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Read/Post Comments (6) | Recommend This Article (3)

Comments from our Foolish Readers

Help us keep this a respectfully Foolish area! This is a place for our readers to discuss, debate, and learn more about the Foolish investing topic you read about above. Help us keep it clean and safe. If you believe a comment is abusive or otherwise violates our Fool's Rules, please report it via the Report this Comment Report this Comment icon found on every comment.

  • Report this Comment On January 27, 2014, at 5:15 PM, techy46 wrote:

    Interestingly, my Asus T100 with Intel Atom Bay Trail 22nm Inside 64Gb SSD 2Gb memory microS, USB and Office 2013 is a 2-in-1 notebook tablet that costs $379 and beats my Toshiba Satellite that cost $949 two years ago. I don't really care about GPUs and LTEs as long as my Wi-Fi works fast.

  • Report this Comment On January 28, 2014, at 5:12 PM, keeperoftheq wrote:

    Intel May Exit the Mobile World in 2015 Barring Success in 2014.

    The mobile industry has a number of power players that tend to drive the success and innovation of the industry as a whole, and while the makeup of this pool of companies can change at any time it’s been pretty consistent over the last few years. Samsung dominates the overall smartphone market and Sony supplies more camera sensors than anyone else. Qualcomm and Samsung pretty much rule the chipset market, but MediaTek has taken an upswing over the past year and is now powering a number of mid to entry-level smartphones and tablets. Intel on the other hand has yet to get a good foothold in the door, and apparently this isn’t being unnoticed by some higher-ups at Intel either. A rumor that’s said to be circulating in the upstream supply chain in Taiwan is saying that Intel might be considering quitting the mobile business if it doesn’t see some significant product gains in 2014. While this likely won’t impact the mobile market too much since Intel doesn’t have many products featuring its processors, there could be some other ramifications as well.

    Recently Intel’s partnership with Lenovo ended, marking another manufacturer that likely won’t be using Intel’s chipsets in 2014, but they have been working on other partnerships to replace that one. They’ve also been pulling out the big guns to try to sell their lofty goal of 40 million tablets by year’s end by giving some significant incentives for manufacturers to use Intel chips in their upcoming products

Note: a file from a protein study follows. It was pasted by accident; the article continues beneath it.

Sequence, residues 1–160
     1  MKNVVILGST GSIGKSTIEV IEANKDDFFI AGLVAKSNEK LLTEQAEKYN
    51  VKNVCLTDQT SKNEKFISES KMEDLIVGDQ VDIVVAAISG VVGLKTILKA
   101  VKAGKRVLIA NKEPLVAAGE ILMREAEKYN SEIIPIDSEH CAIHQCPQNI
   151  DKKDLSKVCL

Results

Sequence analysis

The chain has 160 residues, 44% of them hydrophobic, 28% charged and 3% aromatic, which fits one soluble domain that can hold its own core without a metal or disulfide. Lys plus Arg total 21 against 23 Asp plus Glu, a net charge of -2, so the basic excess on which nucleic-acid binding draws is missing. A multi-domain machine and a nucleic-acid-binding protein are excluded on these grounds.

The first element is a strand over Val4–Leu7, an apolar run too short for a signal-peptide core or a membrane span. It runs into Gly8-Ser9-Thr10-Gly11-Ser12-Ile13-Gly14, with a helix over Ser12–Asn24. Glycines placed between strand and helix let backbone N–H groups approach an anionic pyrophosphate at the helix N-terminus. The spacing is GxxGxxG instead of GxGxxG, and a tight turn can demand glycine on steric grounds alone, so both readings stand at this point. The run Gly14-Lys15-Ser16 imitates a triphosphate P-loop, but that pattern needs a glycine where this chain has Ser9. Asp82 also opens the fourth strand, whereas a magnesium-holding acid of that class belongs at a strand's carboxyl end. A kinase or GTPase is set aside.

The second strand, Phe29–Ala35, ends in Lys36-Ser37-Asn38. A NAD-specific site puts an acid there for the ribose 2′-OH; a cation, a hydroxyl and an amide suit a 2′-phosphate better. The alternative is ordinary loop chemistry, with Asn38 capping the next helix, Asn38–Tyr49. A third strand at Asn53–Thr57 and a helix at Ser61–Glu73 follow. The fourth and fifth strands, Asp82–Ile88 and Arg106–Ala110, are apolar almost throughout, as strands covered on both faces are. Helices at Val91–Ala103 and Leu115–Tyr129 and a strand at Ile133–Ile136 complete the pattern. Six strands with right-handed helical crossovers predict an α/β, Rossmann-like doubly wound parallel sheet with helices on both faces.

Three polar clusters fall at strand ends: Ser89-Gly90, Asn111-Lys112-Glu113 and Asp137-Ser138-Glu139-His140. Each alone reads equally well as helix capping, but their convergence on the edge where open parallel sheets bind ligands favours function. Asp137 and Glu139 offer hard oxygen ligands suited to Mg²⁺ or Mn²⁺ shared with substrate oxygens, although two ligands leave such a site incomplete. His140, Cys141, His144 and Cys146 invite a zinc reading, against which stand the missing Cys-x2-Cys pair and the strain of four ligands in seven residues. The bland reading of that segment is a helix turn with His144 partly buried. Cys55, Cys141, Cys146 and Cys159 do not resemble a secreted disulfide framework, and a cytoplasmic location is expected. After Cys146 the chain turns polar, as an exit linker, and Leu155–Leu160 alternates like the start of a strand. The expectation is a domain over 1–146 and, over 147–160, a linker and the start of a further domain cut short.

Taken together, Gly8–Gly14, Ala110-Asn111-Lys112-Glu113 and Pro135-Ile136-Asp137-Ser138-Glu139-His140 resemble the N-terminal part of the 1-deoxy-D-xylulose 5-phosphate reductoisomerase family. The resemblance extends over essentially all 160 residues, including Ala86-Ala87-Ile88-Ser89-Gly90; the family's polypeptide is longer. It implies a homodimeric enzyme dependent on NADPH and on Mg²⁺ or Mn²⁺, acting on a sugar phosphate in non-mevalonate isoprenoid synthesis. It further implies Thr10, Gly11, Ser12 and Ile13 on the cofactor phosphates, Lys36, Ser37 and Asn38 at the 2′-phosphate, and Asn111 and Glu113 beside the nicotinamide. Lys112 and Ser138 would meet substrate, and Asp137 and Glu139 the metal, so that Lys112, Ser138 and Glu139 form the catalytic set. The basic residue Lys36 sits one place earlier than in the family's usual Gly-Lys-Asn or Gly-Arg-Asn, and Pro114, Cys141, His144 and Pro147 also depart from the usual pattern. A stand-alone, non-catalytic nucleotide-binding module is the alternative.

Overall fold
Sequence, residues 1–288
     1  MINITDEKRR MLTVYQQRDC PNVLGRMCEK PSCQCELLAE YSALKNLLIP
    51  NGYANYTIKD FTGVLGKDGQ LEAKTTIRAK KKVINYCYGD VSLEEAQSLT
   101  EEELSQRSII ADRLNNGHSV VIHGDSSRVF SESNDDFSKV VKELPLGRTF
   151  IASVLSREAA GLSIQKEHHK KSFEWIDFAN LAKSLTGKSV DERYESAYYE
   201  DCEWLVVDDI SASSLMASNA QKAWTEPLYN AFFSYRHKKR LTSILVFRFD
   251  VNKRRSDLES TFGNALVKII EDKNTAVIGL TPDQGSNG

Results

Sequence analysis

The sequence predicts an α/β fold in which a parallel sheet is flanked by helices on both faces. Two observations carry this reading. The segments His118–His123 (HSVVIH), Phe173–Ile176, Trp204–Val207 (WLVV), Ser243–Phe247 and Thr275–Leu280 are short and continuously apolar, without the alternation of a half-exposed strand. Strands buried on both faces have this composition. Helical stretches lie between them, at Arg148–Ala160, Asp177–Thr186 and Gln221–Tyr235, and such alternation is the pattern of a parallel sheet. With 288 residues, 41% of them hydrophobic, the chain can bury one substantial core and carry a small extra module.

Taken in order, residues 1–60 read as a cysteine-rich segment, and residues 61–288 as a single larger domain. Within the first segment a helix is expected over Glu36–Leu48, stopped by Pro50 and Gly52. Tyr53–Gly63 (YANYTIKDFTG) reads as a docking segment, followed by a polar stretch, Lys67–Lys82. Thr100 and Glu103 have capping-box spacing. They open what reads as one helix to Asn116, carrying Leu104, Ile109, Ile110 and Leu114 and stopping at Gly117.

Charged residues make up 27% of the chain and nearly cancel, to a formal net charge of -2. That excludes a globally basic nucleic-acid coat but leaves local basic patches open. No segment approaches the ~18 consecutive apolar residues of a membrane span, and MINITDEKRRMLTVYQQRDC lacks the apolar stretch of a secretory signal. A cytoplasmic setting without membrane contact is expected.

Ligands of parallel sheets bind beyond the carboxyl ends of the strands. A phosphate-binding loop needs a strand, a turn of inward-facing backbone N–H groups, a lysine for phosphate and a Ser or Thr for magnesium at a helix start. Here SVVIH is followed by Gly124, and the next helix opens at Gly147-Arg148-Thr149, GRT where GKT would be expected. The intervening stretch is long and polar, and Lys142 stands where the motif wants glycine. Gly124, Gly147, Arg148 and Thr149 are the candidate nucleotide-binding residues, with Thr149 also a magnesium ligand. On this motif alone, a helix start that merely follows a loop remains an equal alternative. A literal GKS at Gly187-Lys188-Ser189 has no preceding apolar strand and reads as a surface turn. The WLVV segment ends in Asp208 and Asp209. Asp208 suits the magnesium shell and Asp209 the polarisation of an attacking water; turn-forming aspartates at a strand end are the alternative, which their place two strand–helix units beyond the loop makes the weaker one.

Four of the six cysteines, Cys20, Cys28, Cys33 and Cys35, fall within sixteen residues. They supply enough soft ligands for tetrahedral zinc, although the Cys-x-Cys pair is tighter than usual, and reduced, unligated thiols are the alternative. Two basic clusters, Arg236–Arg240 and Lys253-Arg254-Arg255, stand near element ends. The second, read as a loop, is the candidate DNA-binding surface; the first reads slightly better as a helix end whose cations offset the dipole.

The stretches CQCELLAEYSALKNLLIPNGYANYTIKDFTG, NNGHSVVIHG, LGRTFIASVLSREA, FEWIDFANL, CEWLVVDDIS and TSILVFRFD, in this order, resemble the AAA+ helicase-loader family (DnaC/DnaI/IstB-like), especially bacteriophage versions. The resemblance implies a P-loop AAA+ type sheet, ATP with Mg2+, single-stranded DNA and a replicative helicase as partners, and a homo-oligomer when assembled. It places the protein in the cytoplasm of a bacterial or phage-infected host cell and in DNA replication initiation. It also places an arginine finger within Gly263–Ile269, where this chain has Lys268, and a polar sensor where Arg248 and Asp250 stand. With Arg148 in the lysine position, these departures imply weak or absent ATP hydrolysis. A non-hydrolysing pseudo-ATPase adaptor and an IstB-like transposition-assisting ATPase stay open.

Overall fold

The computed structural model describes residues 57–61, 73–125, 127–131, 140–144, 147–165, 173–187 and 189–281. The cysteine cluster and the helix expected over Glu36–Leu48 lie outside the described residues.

• Report this Comment On January 28, 2014, at 11:46 PM, Oregonboy wrote:

    Intel HAD a chance...lets face it..THEY BLEW THE ENTIRE MOBILE MARKET. TOO LITTLE TOO LATE!! Look at the lineup for the next generation offerings from Samsung...ALL ARE SNAPDRAGON. Intel offerings are NOT as integrated NOR Graphics superior. PERIOD!! You think Qualcomm is standing by to let Intel in the DOOR? Qualcomm has plans to TAKE EVERYTHING...Servers, Desktop, Laptop, Tab and Phones. They are hungry...

    In 2015 you will hear a first of MANY Intel layoffs. At the end of the day Intel will have ~ 50K employees worldwide..and become what they rightfully deserve...a FOUNDRY!

  • Report this Comment On January 29, 2014, at 2:38 PM, carlthecat wrote:


    "This principle has been the steam engine that evolved the gigantic, room-sized supercomputers in 1998 into today's thin and light laptops."

    Room sized super-computers in 1998? How about 1978 instead?

  • Report this Comment On January 29, 2014, at 3:00 PM, byteMeImblonde wrote:

    Intel muscles itself into faux low-power via it's manipulation of hardware reduction. It won the performance wars by cranking up CPU frequencies. It's done everything it can to avoid the hard work of building smart circuits - whether they run at high clocks or smaller size. Methinks they've be so busy pursuing these big-finance solutions they've missed the low-hanging design fruit and now find themselves thwarted by patents they can only license from others at high cost.

  • Report this Comment On January 30, 2014, at 7:52 AM, rocket7777 wrote:

    Intel did not miss anything. It is milking x86 still and does not want to compete in low margin as long as possible.

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Ashraf Eassa

Ashraf Eassa is a technology specialist with The Motley Fool. He writes mostly about technology stocks, but is especially interested in anything related to chips -- the semiconductor kind, that is. Follow him on Twitter: